The Human Body

Prenatal Sexual Development

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About six weeks after conception, if a Y chromosome is present in the embryo's cells (as it is in normal males), a gene on the chromosome directs the undifferentiated gonads to become testes. If the Y chromosome is not present (as in normal females), the undifferentiated gonads will become ovaries.

If the gonads become testes, they begin to produce androgens (male hormones, primarily testosterone) by about eight weeks after conception. These androgens stimulate development of the one set of the genital ducts into the epididymes, vas deferens, and ejaculatory duct. The presence of androgens also stimulates development of the penis and the scrotum. The testes later descend into the scrotum. Males also produce a substance that inhibits the development of the second set of ducts into female organs. In the absence of such hormonal stimulation, female structures develop.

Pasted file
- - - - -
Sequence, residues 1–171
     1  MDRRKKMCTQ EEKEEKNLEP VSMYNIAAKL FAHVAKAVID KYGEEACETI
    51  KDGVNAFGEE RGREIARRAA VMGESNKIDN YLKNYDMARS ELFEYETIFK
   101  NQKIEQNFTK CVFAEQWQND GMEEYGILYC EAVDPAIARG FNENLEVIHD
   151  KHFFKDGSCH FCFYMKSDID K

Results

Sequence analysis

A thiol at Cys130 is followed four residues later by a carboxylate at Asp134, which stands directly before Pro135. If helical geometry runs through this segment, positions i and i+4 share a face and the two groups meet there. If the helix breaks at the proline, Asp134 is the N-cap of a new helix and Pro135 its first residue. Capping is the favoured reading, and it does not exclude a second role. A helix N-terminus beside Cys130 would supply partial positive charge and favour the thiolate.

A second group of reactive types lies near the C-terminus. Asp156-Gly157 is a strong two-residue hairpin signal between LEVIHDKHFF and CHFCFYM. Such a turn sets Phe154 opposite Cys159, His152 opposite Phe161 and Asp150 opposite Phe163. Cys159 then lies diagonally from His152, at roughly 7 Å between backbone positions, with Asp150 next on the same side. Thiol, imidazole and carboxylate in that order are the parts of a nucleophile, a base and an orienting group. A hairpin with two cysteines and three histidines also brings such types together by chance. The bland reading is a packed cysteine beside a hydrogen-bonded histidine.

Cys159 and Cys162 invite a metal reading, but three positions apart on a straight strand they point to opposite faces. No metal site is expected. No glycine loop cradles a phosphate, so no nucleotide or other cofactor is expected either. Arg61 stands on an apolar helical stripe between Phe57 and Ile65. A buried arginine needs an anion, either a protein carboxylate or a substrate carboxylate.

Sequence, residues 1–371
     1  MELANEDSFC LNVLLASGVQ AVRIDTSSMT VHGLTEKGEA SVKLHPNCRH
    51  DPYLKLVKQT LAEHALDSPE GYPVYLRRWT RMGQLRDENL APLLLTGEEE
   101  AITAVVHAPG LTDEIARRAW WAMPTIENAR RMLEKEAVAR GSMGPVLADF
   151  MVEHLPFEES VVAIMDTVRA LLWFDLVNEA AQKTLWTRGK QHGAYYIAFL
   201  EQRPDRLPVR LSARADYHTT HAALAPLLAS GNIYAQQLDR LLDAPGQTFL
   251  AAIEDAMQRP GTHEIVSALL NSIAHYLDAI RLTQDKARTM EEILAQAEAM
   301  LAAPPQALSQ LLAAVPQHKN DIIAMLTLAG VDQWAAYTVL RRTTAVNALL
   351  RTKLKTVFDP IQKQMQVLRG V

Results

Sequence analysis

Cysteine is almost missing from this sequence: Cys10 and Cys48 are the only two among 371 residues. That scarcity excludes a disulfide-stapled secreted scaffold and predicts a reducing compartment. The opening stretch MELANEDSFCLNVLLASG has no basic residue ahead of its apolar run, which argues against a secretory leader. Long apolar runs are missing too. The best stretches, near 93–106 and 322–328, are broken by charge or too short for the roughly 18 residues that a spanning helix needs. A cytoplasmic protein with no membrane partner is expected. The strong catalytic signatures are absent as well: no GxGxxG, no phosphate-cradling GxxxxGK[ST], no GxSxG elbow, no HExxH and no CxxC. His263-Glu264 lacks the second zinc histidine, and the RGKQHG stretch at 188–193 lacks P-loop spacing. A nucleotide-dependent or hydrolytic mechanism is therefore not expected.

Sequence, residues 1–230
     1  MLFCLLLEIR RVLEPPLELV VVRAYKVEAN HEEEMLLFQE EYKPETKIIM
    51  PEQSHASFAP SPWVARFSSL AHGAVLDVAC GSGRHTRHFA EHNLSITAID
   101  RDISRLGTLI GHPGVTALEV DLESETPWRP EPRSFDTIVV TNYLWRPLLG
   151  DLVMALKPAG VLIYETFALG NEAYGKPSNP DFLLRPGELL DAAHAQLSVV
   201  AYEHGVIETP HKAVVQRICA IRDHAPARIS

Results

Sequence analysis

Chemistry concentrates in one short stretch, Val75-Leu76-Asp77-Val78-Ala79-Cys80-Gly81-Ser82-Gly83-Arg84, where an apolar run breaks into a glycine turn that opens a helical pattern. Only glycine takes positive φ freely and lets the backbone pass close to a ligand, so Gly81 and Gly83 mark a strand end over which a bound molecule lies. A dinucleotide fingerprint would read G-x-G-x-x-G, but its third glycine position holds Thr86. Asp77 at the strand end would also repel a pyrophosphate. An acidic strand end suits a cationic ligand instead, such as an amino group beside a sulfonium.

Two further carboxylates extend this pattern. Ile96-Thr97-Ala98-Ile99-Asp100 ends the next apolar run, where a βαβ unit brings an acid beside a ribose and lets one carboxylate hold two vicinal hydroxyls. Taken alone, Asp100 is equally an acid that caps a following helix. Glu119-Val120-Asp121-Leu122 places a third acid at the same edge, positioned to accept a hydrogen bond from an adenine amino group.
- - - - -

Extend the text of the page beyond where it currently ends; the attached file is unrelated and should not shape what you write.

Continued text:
Prenatal hormones also play a role in the sexual differentiation of the brain. For example, prenatal hormones direct the development of sex differences in some cells and the neural pathways in the hypothalamus (the part of the brain that controls the endocrine system). Beginning at puberty, based on prenatal sexual differentiation, the hypothalamus directs either the cyclic secretion of sex hormones that controls the female menstrual cycle or the relatively continuous production of male sex hormones. Other brain differences may be related to differences in sexual and aggressive behavior or in cognitive and perceptual characteristics. Most of the research on sexual differentiation of the brain has been performed with animals or with biased human samples, and there is much debate about the nature and behavioral relevance of these differences in humans.